It’s upsetting, in contrast, to see other world leaders deliberately ignoring global warming issues *cough* Donald Trump *cough*. It’s particularly upsetting when it’s happening to a marine nation like Australia. We have the capacity to do so much more here if the government invested in the environment more. Australia is a wealthy country with eco-focused consumers, filled with a significant amount of iconic and unique species. According to a recent report published on PLOS ONE, over half of Australia’s species are threatened by climate change. A significant amount of Australian species live in or rely on a healthy ocean, therefore it’s crucial to protect. Aside from species, there are also significant economic and social values to Australia’s marine life.

The Complications of Ocean Politics, Conservation and Governance

Related Post: Why Is the ‘Great Barrier Reef’ Great and How Can We Protect It?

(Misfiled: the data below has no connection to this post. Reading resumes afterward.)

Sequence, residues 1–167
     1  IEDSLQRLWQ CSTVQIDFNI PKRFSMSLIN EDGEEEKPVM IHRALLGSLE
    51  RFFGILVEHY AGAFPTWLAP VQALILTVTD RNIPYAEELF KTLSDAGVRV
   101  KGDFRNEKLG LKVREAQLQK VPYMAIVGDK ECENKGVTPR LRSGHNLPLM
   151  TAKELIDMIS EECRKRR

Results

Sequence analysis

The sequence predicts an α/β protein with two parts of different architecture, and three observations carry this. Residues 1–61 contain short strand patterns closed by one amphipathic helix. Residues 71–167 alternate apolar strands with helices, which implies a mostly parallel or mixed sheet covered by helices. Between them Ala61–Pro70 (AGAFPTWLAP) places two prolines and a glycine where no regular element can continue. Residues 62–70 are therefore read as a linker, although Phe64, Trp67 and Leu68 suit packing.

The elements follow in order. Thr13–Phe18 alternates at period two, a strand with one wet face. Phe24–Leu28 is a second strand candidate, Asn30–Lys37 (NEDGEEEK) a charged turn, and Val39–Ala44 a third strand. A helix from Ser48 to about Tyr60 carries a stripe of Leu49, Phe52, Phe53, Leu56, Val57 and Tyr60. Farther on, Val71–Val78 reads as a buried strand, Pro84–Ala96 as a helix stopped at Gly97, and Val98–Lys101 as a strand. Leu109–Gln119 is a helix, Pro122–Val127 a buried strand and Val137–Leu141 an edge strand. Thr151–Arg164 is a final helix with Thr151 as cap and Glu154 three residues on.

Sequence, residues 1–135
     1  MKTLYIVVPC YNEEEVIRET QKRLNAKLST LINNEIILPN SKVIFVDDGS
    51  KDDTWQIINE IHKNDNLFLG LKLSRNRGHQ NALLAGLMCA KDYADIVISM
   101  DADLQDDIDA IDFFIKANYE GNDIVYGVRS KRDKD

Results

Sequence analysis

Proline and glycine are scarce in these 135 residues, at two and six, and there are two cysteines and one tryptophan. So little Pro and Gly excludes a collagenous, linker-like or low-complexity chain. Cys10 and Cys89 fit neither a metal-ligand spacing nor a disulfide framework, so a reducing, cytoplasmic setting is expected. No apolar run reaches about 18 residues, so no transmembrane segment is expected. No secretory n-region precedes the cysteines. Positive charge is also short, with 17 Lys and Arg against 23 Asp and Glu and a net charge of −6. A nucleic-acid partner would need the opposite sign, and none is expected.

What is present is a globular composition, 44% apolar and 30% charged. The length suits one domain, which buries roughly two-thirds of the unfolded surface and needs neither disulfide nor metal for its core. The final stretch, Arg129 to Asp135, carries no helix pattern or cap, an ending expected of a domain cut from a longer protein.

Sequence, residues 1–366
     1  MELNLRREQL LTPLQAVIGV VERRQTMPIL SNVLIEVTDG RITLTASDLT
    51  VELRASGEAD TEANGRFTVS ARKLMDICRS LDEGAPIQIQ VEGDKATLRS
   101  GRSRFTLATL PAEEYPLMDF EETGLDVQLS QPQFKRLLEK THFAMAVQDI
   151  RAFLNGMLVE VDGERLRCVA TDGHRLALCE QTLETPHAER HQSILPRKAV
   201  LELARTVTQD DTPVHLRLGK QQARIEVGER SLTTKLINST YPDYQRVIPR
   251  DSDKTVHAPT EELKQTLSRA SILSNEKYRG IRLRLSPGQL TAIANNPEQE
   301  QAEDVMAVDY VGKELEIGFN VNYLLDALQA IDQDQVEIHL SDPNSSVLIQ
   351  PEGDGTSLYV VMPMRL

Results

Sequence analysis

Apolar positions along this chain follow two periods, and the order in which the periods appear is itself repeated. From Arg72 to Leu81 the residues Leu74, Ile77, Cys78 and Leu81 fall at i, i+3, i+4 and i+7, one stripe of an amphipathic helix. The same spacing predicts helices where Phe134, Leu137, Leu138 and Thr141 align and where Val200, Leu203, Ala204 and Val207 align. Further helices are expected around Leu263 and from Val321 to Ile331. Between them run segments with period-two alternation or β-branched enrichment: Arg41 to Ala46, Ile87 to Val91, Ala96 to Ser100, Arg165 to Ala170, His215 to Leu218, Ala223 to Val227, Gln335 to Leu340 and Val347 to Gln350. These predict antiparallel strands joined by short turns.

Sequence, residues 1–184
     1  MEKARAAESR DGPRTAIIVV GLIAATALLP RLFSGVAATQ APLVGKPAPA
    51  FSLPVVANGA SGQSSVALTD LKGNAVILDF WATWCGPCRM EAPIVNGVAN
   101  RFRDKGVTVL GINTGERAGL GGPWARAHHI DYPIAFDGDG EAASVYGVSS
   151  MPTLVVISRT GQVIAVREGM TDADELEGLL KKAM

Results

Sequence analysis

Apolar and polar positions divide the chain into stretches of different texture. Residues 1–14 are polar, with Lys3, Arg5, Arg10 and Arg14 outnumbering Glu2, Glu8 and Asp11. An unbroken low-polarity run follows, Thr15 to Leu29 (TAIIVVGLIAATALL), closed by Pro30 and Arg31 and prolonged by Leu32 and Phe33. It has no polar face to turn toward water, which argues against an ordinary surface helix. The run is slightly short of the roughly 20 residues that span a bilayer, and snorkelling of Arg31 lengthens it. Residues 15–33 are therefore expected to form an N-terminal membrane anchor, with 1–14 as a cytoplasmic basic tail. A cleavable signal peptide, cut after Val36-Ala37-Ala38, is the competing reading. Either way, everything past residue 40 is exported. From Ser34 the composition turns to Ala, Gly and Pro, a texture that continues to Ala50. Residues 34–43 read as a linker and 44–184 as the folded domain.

The Australian government under Malcolm Turnbull has sadly failed on climate and marine policies so far. One controversial example is the Adani coal mine. The allegedly corrupt Indian energy company has been attempting to build one of the largest coal mines in the world alongside the Great Barrier Reef. Malcolm Turnbull has been meeting with Gautam Adani for the last few years, trying to reverse court rulings to allow the mine to be built. Considering Australia has one of the largest carbon footprints per person in the world and non-renewable energy is on the way out, this move is shameful by the government. Thankfully, due to community action, the Adani coal mine has been delayed for now.

The Complications of Ocean Politics - Who Is Steering the Ship?

Marine Parks 

Aside from the government needing to invest in better businesses and renewable energy, they also have the ability to put policies in place to actively protect marine areas. Protected areas in the ocean are called ‘marine parks’ (view Australia’s on a map here).